Could ignoring the bottom line be the route to resilience?
For author and academic Isaac Getz, it’s the companies quietly embracing altruism and social responsibility that are in the strongest position to ride out future disruption
A Japanese pharmaceutical company is perhaps not an obvious place to look for a workplace revolution. But in the early 1990s, under the direction of its new president Haruo Naito, pharma giant Eisai quietly began to transform the way it did business. Instead of focusing on the bottom line, from then on Eisai would prioritise what it called “human healthcare”, first and foremost seeking to relieve the suffering of patients and their families.
Naito invited each department, from sales and marketing to finance, to rethink their business processes with this new goal in mind. For instance, instead of simply trying to sell drugs to doctors and hospitals, the sales teams focused on getting the right products to the right patients, who in the main were suffering from dementia or Alzheimer’s.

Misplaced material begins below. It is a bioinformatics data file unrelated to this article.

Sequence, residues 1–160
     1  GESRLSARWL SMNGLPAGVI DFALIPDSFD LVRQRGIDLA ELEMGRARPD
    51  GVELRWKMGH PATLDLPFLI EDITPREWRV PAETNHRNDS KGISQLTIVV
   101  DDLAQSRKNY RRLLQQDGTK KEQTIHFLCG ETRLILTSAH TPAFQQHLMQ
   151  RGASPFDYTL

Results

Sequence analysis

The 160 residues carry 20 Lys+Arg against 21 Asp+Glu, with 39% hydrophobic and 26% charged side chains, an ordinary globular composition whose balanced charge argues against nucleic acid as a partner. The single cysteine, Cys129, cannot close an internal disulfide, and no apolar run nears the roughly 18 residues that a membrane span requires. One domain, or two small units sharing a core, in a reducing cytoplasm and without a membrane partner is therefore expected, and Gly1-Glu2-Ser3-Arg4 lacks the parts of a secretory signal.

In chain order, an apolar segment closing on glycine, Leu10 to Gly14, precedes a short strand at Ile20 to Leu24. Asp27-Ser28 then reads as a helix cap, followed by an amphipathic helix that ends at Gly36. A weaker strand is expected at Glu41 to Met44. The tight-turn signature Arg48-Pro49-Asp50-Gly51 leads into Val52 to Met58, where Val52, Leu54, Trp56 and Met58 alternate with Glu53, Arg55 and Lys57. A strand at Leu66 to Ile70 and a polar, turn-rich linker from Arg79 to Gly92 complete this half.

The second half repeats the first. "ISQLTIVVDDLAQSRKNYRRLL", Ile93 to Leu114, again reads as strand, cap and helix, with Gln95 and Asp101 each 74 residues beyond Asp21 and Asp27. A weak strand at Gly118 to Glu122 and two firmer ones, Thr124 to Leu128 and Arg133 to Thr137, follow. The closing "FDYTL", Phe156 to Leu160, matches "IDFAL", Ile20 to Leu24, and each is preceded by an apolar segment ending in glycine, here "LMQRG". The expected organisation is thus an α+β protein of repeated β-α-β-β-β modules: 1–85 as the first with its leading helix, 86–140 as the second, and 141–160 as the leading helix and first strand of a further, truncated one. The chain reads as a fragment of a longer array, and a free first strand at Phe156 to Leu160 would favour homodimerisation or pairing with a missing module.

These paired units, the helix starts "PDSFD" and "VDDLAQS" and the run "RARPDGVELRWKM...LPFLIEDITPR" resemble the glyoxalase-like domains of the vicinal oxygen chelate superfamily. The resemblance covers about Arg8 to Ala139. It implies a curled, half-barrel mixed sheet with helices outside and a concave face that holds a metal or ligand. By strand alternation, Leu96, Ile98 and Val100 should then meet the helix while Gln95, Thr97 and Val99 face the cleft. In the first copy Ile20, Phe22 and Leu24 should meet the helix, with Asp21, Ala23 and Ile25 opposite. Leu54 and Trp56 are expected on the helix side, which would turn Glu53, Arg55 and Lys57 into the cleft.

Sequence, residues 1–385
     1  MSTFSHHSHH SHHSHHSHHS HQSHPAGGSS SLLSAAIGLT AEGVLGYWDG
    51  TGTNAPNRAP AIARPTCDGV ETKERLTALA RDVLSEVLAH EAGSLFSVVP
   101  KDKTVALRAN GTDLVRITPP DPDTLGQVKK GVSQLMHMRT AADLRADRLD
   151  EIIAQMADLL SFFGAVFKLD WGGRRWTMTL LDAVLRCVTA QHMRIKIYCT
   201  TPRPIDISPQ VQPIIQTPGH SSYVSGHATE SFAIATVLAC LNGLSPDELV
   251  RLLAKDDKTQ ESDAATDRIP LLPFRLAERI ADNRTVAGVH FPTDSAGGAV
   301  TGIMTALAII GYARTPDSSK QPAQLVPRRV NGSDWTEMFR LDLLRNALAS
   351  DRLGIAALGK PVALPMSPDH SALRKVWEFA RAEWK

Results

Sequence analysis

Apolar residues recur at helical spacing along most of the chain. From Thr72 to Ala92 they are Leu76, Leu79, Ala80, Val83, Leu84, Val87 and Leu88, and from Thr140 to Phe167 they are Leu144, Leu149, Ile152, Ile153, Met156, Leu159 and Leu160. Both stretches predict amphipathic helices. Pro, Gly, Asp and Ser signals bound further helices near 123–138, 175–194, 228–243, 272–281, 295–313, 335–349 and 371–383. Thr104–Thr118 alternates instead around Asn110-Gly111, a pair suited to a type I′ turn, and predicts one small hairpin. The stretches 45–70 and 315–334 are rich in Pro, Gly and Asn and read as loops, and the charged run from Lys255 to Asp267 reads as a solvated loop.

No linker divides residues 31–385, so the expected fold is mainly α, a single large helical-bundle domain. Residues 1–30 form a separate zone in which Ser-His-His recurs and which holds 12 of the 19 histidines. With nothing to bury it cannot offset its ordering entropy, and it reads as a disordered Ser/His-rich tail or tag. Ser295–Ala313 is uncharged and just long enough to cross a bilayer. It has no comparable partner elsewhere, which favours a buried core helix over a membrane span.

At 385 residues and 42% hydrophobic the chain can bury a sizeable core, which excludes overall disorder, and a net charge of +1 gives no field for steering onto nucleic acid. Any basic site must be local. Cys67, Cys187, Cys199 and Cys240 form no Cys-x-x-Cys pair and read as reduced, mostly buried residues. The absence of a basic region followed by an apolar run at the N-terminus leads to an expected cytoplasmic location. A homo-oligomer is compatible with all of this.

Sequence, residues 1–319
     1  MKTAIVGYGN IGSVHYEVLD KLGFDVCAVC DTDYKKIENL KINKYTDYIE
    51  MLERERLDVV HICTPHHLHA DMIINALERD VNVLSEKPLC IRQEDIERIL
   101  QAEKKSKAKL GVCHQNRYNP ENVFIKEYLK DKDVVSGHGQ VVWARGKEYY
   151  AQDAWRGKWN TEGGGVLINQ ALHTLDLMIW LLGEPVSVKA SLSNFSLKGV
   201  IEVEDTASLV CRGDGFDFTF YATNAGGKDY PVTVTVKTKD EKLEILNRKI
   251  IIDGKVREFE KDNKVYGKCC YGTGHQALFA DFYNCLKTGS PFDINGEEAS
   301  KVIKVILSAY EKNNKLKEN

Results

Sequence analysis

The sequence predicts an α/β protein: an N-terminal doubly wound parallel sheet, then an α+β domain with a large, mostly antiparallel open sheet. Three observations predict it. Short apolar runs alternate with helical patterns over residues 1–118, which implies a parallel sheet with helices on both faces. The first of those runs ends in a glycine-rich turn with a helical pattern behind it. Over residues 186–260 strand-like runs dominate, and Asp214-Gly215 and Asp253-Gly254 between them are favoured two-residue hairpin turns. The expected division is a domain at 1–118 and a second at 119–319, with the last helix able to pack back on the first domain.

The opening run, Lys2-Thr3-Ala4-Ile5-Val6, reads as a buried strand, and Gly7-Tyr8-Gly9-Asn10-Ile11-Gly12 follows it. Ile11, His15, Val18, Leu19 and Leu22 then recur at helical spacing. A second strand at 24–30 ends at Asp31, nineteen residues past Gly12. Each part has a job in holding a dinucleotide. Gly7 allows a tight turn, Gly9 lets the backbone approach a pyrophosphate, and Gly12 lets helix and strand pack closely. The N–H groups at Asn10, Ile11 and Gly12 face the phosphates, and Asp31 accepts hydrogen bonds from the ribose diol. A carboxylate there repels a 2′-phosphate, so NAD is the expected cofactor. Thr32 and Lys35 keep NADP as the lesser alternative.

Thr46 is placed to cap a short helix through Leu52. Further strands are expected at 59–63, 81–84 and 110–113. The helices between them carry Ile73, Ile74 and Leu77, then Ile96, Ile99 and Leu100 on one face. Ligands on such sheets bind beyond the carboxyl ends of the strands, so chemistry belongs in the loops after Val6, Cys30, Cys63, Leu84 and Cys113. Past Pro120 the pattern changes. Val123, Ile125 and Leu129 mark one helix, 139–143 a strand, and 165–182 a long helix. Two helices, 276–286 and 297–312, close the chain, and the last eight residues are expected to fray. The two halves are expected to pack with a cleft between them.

One sales manager in a poorly performing district, where GPs refused to meet with sales reps, set about educating older people on how to avoid falling – one of the major causes of hospital visits in that age group – through a series of lectures and demos on how to make their homes and habits safer.
A year later, when the manager tried to call the GPs again, they were eager to meet up, having heard good things about Eisai from their patients. The manager doubled her sales in six months. “She didn’t do anything to sell, but by changing the way she worked and by generating social value through caring about her clients, the result was economically successful,” says Isaac Getz, professor of leadership and innovation at ESCP Business School in Paris and co-author of L’Entreprise Altruiste (The Altruistic Enterprise).
It’s just one example – out of the thousands of businesses Getz has studied over the past 20 years – of a company turning social purpose into stronger business fundamentals, leaving it in a much healthier position in the long term. It is, he suggests, a valuable way to shore up a business against bumps in the road, and it’s a message that’s gaining traction in these uncertain times.
Why build a virtuous network?
Getz first made a name for himself back in 2009, when he coined the term “liberated companies” – that is, businesses which transform themselves to take unconditional care of their employees and become more economically successful and resilient as a result. He outlined these in the book Freedom, Inc, which became a global bestseller amid the 2008-09 recession. His ideas were seen as a call to arms, spawning the “corporate liberation movement”, whose advocates include the tyre manufacturer Michelin and sports retailer Decathlon.